Season One - TNG

Star Trek: The Next Generation – Coming of Age

Written by Sandy Fries, Hans Beimler, Richard Manning, Hannah Louise Shearer, and Tracy Torme
Directed by Michael Vejar

At this point as I go through the first season episodes of Star Trek: The Next Generation, I am thinking I have seen just about enough of Wesley Crusher (Wil Wheaton) and it’s about time they give this character a break.

Unfortunately, the Star Trek writers do not agree with me.

The sad thing is, if I hadn’t already been hit with Wesley-Crusher-overkill, this would have been a pretty good episode.

As the Enterprise orbits Relva III, two different stories are taking place. On one hand, teenager Wesley Crusher beams down to the planet to take Starfleet Academy entrance exams. He is pitted against three other youths from different species.

At the same time, the crew of the Enterprise is being thoroughly interrogated by Commander Remmick (Robert Schenkkan), the adjunct to Admiral Quinn (Ward Costello). The object of their suspicion seems to be Captain Picard (Patrick Stewart).

This is a well-balanced episode with very few holes in the plot. We get to see the crew talk about the episodes of the last season as they are interrogated about each event. Each crewmember conveys their frustration as Remmick seems to twist every answer of theirs to his own purpose. At times it seems as if he is almost trying to set Picard up to take a fall for some imagined indiscretion.

During the investigation, one of the youths aboard the Enterprise, Jake, hijacks a shuttlecraft after a fight with his father. His intention is to sign-on with a freighter after having failed to qualify for the exam that Wesley is taking. Picard has to deal with what is essentially heckling and harassment on the part of Remmick as he attempts to talk Jake through a major malfunction. Why they did not just beam him out of the shuttlecraft when it is first launched seems to be the only plothole in this episode. Beaming him out of the shuttlecraft is not brought up until he is – of course – out of range.

Watching Wesley deal with the demons of his past as well as trying to focus on what he has to do to pass the test is also very interesting. He must stay true to his own self and at the same time is being put through draining mental and physical exercises. The tests do not just measure his intelligence, but other factors as well.

What is nice here is the way the Picard/Quinn storyline is actually the first part of a two-parter. This is one of the first storyline arcs we see in Star Trek, as the conclusion comes at the end of season one. All of the actors involved in the interrogation give strong performances, from Riker (Jonathan Frakes) and Worf (Michael Dorn) to Remmick on the other side. As Quinn begins talking about a vast conspiracy in Starfleet, we have to wonder if he managed to find a collection of old X-Files episodes (note: Star Trek‘s first season was well before X-Files.)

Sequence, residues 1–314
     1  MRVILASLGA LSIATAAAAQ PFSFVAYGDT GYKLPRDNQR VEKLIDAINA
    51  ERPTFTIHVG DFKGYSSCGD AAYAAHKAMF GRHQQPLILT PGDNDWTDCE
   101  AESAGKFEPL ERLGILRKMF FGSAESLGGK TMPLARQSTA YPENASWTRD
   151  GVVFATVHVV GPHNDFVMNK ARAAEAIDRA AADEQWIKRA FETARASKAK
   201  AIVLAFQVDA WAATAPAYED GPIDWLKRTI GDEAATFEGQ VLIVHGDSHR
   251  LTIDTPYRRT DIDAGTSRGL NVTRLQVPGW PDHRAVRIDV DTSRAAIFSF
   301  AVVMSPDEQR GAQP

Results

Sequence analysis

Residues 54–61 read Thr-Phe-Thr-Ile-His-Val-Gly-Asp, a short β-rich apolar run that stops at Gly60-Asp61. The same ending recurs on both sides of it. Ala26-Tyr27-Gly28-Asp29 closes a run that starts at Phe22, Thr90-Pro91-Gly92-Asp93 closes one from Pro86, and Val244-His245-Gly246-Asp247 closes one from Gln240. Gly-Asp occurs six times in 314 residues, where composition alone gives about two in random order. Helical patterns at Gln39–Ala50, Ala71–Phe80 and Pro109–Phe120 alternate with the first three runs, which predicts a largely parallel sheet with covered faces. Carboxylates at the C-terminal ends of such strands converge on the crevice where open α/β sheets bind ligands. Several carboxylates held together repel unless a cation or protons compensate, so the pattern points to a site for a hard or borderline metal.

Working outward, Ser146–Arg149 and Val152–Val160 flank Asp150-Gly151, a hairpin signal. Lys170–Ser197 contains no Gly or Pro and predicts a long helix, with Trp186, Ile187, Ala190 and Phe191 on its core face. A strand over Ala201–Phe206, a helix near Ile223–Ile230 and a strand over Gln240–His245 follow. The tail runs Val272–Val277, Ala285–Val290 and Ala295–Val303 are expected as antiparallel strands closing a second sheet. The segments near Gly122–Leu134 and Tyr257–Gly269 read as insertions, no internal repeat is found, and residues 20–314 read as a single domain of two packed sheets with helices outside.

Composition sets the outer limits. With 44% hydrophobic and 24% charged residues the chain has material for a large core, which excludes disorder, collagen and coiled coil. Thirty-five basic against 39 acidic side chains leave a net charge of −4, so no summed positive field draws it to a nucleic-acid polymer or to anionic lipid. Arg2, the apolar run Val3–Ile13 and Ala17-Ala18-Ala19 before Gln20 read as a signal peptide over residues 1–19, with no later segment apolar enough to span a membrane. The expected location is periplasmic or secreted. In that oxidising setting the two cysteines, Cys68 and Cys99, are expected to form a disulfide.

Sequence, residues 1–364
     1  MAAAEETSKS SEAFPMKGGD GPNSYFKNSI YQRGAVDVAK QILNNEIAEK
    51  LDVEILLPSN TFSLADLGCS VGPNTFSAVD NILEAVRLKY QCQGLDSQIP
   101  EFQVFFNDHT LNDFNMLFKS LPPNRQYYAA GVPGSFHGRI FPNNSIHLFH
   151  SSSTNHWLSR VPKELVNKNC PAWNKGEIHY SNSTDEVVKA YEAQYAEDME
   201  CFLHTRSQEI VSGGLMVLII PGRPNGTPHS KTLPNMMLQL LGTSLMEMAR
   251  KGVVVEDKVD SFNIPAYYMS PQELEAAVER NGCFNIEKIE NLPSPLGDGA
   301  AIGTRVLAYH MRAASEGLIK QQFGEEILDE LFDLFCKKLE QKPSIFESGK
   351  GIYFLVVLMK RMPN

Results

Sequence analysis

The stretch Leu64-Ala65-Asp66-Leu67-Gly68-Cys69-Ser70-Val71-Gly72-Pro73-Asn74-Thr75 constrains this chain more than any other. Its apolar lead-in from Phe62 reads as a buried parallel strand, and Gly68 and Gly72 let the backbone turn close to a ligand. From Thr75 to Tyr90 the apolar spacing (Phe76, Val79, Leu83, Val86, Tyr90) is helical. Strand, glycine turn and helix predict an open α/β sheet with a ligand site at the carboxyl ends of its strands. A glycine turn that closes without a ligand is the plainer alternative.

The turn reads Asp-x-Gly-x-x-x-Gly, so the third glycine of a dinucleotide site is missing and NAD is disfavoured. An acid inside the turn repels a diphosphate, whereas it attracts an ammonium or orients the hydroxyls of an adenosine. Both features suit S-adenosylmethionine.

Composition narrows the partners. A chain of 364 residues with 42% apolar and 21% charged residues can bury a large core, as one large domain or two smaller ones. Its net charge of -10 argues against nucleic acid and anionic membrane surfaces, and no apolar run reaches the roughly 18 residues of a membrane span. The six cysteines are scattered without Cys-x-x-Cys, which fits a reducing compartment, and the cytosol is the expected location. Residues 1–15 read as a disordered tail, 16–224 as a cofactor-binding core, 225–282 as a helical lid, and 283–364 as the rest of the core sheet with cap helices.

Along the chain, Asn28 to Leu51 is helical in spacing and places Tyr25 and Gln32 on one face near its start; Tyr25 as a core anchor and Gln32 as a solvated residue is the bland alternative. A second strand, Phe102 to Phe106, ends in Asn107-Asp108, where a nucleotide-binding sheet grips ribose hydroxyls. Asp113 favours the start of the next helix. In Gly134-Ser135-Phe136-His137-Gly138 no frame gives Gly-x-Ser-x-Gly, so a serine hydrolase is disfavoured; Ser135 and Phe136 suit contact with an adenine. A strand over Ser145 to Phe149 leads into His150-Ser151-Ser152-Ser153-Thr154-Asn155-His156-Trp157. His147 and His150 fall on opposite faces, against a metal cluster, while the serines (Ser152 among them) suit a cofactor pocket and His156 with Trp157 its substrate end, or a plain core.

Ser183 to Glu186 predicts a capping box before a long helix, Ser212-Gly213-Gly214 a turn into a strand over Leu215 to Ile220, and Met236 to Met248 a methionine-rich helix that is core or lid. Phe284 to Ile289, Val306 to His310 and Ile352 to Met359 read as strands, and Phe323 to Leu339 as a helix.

This is a fairly good episode, especially as the first part of the two-parter. The acting is strong, the plot does not feel contrived, and the characters seem to be acting with reason.

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  1. Considering that Gene Roddenberry, whose grip on the creative reins were strong at this point in the series’ still-young life, was dead-set against continuity and story arcs, I’m amazed that the writers could, and did, plant the seeds for interconnected stories in Star Trek: The Next Generation. In later seasons, especially after Roddenberry’s death in October of 1991, there were more story arcs that slowly pushed the franchise into more serialized storytelling, with more of an effort to create a more sophisticated style of continuity while still sticking – mostly – to the “old school” TV conventions of episodic writing.

    • At the time there weren’t any real serialized stories on television. The mode we got usually were two-parters that were *special* episodes of certain series storylines. Anything that was serialized was considered more of a soap opera than good, dramatic storytelling. Really, Babylon 5 and Deep Space 9 were the first to really create overall story-arcs to a series.

  2. Right. And one of the reasons why Roddenberry – as well as most producers of his generation – resisted serialization was because in those days, independent TV stations and cable channels that depended on syndicated shows wanted to show episodes in random order, rather than air them in the order in which they were originally released in.

    Roddenberry feared that if TNG went too far with serialized stories, then station programmers would not buy the show from Paramount. It wasn’t so much a creative problem as it was a business one.

    Now, of course, continuity and season-long story arcs are more common; Fox’s 24, as well as Babylon 5, Deep Space Nine, and all of the other post-TNG series were less episodic in structure.

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